Shannon (Minnie Driver) is a workaholic nurse at a London hospital. Her best friend Frances (Mary McCormack) is an American actress suffering in fringe theatre productions. When the two women play with the radio scanner of Shannon's useless soon-to-be-ex boyfriend, they pick up the communications of a gang in the process of burgling safety deposit boxes. The women go to the police, only to be given short shrift. Frances eventually hits upon the idea of blackmailing the robbers for a share of the loot. Shannon goes along, at first reluctantly, then with growing zest. The criminals, meanwhile, are dumbfounded who would have the gall to mess with them?
While the script never reaches the lunatic Brownian motion of LOCK, STOCK AND TWO SMOKING BARRELS, it has a wonderful, droll internal logic and sense of absurdity, with great little throwaway riffs and very good sense about just how far to push a gag. The running gags are handled gently, whether or not they wind up paying off in plot terms, so that we remain amused instead of feeling harangued. One of the film's great achievements is it maintains a generally light tone while managing to take violence seriously shootings and explosions are sobering (even if the actions eventually taken by uninjured characters as a result become comedic). It's a fine line that is tread deftly here.
Driver's forthright pragmatism is very appealing. McCormack pitches Frances expertly, playing her neither as daffy and vulnerable nor cartoonishly resolved, but simply as an enthusiastic, fairly normal (if neurotic) woman who sincerely believes she's hit upon a good idea. The two actresses both display backbone and a sharp understanding that this type of comedy is usually funnier when played energetically straight. (One of the film's better sight gags comes from an unusually realistic depiction of what might happen if an untrained person tried to use an automatic weapon.)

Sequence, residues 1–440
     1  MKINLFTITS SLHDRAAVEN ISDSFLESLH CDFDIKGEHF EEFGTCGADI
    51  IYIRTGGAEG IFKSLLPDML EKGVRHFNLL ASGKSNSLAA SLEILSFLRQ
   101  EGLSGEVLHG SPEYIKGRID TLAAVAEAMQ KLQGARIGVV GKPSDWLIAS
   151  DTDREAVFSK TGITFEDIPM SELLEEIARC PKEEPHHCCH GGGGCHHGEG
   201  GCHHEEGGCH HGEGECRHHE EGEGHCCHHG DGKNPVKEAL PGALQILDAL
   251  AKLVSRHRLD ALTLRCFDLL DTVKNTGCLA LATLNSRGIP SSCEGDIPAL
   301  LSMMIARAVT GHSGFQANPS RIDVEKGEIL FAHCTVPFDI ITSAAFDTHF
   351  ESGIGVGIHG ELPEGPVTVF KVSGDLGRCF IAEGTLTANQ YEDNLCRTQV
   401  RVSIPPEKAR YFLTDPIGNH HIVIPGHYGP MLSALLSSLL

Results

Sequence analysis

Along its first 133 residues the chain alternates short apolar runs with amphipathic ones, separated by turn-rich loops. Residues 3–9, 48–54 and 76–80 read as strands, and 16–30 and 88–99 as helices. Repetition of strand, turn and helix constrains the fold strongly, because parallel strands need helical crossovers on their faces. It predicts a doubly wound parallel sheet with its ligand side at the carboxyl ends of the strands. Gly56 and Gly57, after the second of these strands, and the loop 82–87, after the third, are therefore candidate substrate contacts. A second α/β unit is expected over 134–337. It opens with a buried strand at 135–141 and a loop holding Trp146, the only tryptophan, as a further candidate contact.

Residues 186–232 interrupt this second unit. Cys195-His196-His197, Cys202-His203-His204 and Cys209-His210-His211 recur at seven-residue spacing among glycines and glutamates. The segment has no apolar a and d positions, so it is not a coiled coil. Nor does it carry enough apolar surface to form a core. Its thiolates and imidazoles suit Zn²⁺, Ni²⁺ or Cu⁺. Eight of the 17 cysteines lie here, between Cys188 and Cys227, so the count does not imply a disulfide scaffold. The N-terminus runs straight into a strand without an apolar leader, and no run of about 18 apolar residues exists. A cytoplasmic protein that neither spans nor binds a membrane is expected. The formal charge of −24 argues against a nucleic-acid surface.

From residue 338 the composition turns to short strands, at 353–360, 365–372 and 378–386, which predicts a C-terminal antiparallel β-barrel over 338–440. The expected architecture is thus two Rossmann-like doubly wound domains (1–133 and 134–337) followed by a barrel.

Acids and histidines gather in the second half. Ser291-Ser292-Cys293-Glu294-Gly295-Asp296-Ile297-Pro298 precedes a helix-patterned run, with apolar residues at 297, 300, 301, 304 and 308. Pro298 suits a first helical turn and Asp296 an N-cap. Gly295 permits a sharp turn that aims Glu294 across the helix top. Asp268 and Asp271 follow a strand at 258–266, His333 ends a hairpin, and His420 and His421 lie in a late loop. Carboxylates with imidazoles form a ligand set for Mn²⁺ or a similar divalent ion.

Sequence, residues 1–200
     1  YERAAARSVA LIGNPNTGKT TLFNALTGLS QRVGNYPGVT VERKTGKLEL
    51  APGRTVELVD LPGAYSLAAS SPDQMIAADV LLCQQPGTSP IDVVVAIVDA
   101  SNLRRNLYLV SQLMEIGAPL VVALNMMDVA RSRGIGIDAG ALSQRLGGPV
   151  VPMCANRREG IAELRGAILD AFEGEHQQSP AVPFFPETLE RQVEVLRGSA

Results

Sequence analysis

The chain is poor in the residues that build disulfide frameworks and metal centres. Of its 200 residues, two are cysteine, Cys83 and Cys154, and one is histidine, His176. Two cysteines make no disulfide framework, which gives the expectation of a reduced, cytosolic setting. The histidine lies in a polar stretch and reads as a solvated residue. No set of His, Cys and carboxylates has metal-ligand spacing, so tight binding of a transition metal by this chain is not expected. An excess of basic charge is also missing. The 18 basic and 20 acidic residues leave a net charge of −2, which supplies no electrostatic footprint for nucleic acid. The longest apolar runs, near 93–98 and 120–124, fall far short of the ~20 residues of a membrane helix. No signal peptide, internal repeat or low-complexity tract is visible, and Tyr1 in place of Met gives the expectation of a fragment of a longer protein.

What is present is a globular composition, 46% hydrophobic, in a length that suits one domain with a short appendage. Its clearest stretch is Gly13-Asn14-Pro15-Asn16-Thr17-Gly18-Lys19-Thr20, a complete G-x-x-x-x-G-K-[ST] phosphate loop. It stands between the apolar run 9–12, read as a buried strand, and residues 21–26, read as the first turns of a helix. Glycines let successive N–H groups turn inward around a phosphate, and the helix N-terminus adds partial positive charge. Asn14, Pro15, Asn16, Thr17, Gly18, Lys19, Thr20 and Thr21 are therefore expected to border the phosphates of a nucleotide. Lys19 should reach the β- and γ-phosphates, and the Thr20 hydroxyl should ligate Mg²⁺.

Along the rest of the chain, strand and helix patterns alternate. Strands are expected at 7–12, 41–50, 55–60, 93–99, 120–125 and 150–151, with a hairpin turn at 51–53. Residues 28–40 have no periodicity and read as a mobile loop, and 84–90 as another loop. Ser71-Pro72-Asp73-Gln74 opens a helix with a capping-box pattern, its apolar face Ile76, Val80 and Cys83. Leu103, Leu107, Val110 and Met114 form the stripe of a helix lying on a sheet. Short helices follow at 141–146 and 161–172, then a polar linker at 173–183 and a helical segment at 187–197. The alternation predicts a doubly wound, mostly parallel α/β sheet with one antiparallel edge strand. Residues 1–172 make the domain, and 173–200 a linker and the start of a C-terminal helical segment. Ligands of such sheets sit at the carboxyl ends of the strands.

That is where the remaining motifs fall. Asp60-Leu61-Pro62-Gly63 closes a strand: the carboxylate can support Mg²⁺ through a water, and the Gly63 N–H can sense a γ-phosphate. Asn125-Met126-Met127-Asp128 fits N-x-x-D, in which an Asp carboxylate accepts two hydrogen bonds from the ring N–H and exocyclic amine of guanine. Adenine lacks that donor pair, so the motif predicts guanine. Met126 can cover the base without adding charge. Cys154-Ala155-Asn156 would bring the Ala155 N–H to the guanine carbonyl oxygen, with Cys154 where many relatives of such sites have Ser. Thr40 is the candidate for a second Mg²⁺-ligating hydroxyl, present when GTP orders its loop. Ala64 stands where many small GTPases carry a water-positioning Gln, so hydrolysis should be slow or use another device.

Kevin McNally epitomizes cool, rough menace as one of the two major gangsters, with Michael Gambon exuding an oblique, dire nastiness that has echoes of Pinter we're not sure exactly why this guy is so scary, but Gambon makes sure that he is. Mark Williams and Kevin Eldon both score as two cops who are assigned to investigate the burglary.
HIGH HEELS AND LOW LIFES finds a way to give us conventional characters we can root for in a crime setting, at once honoring and affectionately sending up the conventions of the British gangster film. It's lightweight but well-made, and highly enjoyable.
Reviewed Format: Limited Theatrical Release
Rated: R (language, violence, some nudity)
Stars: Minnie Driver, Mary McCormack, Kevin McNally, Michael Gambon, Danny Dyer
Writers: Kim Fuller, story by Kim Fuller & Georgia Pritchett
Director: Mel Smith
Distributor: Touchstone Pictures